The raison d’etre of The Arts Show is to showcase current talent, particularly acts and artists who defy easy classification or fall between genre-types. But we permitted ourselves a few guests who work within categorisable forms, this week, and may devils eat our socks for having done so.
I haven’t seen Karen Andrea in a couple of months, so it was great to see her looking so well. She’s currently taking the kids’ story market by storm with her novel The Enchanted Library. I heard parts of it read, during its incubation phase, in the critique group I run in Brick Lane – since then it’s taken on a life of its own. KA’s done a sterling marketing job; especially impressive given that she’s quite busy enough with her day-job as a lawyer. The Library has natural appeal, given its themes of inclusion and using one’s imagination. Sea Fire, her current project, blends several even bigger themes – I can’t wait. Given the amount we both have on, it might provide the excuse for our next meeting.
There was a wealth of music to play into Luke Styles’ interview, each track using
different instruments – far too great a selection for us to give an accurate representation of the breadth of his musical output. I really enjoyed what we heard. That uncomfortable, jerky sound seemed to be a recurring motif. During the sound-check, Tim Orpen, the clarinettist (and boy, that man can play) explored the upper range of the piece, an ear-splitting screech like a terrified goose. Horrible, said one of the sound techs. That’s the point, said Tim.
Jacob Sam La Rose is an accomplished poet, clearly. His second poem, the one that dealt with a distant father, really spoke to me; it was moving and understated, and I’d strongly urge you to keep an ear or eye out for Jacob’s words.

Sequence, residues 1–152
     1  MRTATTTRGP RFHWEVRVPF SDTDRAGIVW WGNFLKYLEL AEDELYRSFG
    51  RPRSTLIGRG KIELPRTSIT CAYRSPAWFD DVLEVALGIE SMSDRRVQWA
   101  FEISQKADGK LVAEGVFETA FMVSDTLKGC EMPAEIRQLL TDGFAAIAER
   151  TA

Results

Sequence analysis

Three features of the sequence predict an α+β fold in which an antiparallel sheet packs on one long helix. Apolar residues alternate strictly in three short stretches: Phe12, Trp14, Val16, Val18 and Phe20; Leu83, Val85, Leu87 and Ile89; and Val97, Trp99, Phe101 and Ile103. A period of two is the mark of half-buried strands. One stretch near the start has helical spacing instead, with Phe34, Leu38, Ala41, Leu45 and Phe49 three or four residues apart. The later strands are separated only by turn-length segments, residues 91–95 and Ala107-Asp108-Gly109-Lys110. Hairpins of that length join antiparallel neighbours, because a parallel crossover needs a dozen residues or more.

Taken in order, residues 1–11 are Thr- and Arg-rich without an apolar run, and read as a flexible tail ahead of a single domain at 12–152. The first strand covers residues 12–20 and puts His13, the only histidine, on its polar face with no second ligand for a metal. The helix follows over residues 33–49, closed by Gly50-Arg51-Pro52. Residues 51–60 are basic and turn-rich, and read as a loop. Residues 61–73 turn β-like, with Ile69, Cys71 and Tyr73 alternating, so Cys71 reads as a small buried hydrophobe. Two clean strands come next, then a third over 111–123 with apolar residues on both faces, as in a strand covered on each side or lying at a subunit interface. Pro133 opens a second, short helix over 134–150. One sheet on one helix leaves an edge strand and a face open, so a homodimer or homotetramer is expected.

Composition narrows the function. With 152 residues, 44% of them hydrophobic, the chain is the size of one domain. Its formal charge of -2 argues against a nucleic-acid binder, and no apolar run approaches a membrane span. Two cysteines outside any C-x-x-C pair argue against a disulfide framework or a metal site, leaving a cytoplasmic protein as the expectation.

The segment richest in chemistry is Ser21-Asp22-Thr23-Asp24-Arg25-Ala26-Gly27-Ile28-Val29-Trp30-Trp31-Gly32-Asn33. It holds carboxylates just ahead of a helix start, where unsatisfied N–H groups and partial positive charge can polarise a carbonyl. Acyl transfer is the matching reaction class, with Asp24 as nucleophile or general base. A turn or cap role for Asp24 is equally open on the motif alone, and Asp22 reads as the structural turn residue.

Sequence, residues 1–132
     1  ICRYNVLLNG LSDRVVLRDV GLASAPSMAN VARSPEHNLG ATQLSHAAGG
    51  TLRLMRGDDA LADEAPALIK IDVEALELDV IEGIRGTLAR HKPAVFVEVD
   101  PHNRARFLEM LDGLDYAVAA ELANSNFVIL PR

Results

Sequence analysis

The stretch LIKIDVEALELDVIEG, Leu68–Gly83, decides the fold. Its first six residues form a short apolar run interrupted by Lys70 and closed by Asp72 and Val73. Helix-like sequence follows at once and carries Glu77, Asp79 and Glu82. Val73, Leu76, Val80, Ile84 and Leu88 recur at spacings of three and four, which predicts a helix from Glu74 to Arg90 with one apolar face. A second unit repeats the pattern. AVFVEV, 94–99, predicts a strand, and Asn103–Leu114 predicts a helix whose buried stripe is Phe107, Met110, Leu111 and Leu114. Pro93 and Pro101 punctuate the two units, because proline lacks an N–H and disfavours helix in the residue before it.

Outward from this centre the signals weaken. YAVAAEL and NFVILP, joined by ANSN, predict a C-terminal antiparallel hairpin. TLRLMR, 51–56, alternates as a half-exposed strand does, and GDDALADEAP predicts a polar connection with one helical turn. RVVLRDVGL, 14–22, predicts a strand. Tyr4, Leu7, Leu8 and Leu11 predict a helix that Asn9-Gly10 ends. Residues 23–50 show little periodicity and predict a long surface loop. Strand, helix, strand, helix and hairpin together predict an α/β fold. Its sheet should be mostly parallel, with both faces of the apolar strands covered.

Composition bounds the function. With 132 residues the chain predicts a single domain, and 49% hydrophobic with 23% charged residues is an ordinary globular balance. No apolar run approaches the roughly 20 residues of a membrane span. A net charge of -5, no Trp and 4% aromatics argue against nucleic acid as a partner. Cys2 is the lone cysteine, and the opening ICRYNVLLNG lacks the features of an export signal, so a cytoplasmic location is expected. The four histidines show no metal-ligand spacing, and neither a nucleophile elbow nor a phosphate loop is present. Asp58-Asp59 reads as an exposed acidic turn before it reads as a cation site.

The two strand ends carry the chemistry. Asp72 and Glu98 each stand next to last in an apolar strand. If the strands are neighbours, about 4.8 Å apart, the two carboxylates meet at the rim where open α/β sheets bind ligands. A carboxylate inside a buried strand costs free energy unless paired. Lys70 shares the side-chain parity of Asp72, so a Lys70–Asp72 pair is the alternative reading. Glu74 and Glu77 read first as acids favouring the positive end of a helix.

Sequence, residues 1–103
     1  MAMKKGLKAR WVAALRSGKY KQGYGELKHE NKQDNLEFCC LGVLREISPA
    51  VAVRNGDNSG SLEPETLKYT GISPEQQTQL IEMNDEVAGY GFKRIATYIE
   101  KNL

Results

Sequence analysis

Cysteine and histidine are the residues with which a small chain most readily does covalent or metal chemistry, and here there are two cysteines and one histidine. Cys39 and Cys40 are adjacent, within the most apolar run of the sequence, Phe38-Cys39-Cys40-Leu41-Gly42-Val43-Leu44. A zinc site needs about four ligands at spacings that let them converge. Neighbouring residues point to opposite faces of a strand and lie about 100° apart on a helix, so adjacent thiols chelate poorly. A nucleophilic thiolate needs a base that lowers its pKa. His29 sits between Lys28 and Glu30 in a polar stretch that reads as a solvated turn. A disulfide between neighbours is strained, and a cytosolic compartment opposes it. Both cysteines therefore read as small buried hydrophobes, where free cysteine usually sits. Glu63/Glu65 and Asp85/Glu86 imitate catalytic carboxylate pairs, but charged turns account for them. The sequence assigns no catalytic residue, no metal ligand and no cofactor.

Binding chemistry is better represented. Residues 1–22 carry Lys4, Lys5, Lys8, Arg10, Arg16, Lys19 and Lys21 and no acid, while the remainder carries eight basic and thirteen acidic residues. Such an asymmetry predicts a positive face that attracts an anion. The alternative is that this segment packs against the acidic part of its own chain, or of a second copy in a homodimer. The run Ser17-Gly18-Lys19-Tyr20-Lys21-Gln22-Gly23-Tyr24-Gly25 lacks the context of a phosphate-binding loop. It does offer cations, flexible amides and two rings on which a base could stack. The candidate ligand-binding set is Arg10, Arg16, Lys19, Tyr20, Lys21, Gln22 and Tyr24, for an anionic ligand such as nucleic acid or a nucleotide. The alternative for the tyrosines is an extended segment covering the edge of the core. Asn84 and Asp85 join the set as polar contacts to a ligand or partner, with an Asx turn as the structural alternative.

I expect big things of The Darlingtons. To my mind, for a band that’s been together for so short a time (just a year) they’ve created a surprisingly mature, rich and self-assured sound. Glitch, the song I played, is their latest release, but they sent me a couple of others – one pretty lively and one built for chilling out, and listening to those I feel like I’m in the hands of musicians who know what they’re doing.
We returned to ‘alternative’ form with our final guest, Francesco Benenato, a visual artist who uses different materials each time he works, and who revealed that he once asked all his friends to give him their pubic hair in order to fashion a hirsute reclining nude. Francesco is engaging not only because he has a genuine passion for finding original and meaningful ways to express himself, but also because his perspective as an ‘art brut’ artist – that is, an auto-didact – is refreshing and incisive, untrammelled by convention.
Which I think returns the show to its familiar turf.